While Uncharted might get its characters just right, another thing it excels at is level design; specifically, its use of colors. I’m not sure how anyone ever attempted to compare this game to Gears of War. While Epic’s blood and gore fest uses a 16-color brown and gray palette, Uncharted uses millions upon millions of colors to create it set pieces. Everything from the jungle environments to its Spanish Monasteries are all bathed in beautiful Earth tones which really give the game a look and feel of its own. If someone was to put this game on a TV in public and leave it playing, rest assured people would stop to gander at its beauty. It’s a shame more games don’t attempt to use the entire range of the color spectrum the way Uncharted does.
Finally, the last thing Naughty Dog really gets right is the fully orchestrated musical score for the game. Created by composer Greg Edmonson, best known for his work on the cult TV show Firefly, the music always seems to capture the exact atmosphere of the scene. Thanks to a mix of traditional and more unusual ethnic instruments, Greg is able to make a sound for the game that is really all its own. You know he has created something special when you turn off the game and you can still hear the title screen music resonating in your head. There just aren’t enough game soundtracks that stick with you anymore long after you’ve walked away.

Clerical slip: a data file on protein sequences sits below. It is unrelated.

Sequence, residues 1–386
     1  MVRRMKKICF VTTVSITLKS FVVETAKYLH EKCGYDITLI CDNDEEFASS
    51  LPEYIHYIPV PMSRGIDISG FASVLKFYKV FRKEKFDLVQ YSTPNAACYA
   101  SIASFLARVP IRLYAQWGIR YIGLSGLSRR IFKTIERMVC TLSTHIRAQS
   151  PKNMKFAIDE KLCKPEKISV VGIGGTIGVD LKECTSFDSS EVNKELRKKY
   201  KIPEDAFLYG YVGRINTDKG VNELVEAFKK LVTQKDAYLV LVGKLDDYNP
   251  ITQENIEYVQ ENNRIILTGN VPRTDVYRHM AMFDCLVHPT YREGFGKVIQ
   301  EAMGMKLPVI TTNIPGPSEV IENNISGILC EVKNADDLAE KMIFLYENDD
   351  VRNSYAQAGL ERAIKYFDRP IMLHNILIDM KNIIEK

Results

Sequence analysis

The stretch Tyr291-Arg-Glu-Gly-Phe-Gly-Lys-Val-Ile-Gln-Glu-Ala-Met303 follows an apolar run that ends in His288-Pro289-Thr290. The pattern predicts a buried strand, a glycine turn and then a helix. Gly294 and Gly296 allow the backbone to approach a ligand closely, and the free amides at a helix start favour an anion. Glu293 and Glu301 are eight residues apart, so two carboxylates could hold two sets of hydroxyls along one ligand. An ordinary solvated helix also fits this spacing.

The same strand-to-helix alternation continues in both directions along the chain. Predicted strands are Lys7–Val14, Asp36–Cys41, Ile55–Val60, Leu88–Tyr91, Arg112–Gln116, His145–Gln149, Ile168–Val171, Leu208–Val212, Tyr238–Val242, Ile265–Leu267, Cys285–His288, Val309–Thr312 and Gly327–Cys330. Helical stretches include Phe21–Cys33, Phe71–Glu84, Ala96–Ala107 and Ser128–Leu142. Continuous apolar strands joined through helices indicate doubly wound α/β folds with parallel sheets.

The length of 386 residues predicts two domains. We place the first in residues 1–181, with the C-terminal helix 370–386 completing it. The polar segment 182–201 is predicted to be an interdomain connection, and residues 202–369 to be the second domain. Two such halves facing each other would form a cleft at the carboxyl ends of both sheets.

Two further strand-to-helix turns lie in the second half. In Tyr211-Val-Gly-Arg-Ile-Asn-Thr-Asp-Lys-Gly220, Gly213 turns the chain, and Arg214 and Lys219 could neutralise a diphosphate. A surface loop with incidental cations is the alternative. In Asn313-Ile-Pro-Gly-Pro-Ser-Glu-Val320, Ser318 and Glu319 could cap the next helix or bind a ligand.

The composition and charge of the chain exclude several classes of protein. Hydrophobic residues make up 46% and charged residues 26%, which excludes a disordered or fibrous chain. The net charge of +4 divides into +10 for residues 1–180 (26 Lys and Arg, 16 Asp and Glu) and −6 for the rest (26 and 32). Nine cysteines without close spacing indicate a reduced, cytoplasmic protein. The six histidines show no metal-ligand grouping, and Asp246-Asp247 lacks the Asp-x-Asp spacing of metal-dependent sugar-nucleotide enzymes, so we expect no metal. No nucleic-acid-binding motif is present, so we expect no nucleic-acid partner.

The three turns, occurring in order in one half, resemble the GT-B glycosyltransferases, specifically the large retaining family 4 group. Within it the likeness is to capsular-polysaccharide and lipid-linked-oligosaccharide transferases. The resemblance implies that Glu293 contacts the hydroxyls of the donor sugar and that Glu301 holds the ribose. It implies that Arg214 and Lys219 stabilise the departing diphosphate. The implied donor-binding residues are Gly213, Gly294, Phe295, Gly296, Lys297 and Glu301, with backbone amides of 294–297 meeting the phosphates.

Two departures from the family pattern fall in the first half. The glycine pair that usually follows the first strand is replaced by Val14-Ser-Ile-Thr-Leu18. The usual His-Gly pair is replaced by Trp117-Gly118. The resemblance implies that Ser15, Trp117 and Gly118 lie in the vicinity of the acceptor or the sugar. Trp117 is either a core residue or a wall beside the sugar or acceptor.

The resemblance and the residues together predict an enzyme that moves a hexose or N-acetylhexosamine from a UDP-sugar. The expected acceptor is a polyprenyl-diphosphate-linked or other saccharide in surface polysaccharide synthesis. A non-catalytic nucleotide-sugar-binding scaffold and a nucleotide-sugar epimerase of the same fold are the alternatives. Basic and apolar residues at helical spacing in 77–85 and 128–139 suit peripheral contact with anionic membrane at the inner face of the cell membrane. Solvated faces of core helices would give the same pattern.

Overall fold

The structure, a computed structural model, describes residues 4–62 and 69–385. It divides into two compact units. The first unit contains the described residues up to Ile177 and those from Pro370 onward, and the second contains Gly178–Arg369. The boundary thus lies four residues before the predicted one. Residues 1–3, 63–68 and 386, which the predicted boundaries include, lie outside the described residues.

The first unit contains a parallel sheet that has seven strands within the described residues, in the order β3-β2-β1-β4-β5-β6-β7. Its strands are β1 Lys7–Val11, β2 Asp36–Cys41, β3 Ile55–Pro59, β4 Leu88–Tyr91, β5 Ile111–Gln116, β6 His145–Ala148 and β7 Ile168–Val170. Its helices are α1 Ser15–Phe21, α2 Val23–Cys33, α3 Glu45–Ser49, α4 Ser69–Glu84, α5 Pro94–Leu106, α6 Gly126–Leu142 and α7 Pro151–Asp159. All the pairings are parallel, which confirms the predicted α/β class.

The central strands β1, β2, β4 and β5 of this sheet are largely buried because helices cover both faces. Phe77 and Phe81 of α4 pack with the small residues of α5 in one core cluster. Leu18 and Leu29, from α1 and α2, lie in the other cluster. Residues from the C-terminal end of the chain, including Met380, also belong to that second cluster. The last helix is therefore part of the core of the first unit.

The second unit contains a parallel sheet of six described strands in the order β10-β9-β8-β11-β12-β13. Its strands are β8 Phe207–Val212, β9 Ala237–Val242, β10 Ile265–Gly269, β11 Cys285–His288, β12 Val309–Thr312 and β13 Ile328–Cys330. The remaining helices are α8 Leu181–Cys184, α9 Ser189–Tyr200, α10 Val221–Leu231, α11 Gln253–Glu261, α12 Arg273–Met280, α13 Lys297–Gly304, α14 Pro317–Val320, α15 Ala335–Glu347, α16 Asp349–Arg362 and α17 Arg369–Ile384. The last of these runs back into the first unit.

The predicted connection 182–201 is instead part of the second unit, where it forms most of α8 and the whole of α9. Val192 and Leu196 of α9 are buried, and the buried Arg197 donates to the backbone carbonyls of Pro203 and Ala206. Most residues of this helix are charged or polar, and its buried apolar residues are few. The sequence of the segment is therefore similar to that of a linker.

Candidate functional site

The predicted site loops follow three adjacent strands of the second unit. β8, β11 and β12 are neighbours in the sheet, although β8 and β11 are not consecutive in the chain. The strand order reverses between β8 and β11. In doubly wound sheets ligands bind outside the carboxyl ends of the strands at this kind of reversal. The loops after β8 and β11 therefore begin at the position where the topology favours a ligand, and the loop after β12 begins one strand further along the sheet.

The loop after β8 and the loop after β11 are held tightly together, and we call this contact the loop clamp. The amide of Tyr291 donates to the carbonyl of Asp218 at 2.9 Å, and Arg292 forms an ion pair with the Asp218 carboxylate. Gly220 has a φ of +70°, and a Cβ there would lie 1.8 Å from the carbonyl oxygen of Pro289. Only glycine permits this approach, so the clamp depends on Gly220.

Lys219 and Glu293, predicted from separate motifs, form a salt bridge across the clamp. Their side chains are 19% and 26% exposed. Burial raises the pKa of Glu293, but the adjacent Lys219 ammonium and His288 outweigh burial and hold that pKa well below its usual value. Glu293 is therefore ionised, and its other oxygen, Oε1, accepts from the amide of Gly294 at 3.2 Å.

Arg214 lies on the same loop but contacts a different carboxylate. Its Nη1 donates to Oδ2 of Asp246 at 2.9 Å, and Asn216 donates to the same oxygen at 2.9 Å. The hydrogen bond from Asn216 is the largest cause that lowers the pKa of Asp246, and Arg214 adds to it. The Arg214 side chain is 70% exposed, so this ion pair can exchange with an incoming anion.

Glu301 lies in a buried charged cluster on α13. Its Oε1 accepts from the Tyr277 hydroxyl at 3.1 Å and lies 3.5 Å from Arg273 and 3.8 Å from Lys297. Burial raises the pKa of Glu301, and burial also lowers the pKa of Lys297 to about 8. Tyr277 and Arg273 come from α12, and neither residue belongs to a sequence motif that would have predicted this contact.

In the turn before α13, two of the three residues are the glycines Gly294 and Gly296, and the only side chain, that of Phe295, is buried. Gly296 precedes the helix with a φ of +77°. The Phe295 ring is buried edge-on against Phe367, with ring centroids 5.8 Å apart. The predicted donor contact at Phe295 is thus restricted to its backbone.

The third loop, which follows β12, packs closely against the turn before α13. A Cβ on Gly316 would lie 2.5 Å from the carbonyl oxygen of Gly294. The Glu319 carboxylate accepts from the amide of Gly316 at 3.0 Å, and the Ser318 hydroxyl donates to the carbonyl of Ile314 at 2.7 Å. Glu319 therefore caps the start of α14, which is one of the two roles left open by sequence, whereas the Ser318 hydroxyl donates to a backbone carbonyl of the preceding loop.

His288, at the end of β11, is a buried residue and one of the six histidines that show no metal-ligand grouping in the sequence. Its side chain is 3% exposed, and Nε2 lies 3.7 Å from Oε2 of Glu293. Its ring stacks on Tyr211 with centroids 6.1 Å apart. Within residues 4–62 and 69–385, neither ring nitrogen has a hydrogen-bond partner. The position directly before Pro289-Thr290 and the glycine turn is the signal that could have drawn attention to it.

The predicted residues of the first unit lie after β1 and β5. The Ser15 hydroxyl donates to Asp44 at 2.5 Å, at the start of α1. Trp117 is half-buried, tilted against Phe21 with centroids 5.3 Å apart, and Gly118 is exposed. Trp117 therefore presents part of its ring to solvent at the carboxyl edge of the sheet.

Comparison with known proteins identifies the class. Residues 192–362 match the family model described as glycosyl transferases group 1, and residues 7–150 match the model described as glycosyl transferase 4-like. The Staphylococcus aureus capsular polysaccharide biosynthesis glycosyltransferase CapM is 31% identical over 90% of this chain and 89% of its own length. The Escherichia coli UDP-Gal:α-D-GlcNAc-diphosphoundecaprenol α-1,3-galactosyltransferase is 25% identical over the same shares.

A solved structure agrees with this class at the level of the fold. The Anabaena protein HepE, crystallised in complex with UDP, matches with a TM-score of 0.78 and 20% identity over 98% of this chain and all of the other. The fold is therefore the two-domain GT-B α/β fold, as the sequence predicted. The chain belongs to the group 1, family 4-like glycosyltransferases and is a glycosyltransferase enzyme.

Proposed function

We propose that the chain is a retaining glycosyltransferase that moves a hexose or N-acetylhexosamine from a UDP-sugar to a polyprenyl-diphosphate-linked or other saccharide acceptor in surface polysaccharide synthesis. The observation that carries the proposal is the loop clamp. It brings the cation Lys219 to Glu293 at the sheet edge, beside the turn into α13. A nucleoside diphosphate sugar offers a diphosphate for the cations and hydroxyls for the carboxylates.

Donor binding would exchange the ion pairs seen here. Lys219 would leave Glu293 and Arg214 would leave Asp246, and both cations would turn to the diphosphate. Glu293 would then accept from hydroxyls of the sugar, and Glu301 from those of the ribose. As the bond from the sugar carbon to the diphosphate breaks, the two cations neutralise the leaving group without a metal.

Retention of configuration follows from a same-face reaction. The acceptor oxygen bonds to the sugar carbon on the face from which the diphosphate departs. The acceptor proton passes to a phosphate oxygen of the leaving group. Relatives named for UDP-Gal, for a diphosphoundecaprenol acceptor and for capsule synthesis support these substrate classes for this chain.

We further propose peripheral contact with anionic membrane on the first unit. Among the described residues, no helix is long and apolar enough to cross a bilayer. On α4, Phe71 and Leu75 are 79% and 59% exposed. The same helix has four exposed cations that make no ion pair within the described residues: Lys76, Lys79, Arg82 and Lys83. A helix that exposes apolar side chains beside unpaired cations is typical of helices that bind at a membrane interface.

As you can see, while Uncharted: Drake’s Fortune might be two years old at this point, it still stands as a pinnacle in game design for this current generation. It managed to get a lot of things right like its 3D platforming mechanics, character and level design, and its musical score. Other companies would do well to take a lesson from Naughty Dog and learn from their creativity. They are one of the best developers out there today, and they have made Uncharted a game that truly breaks through game limitations.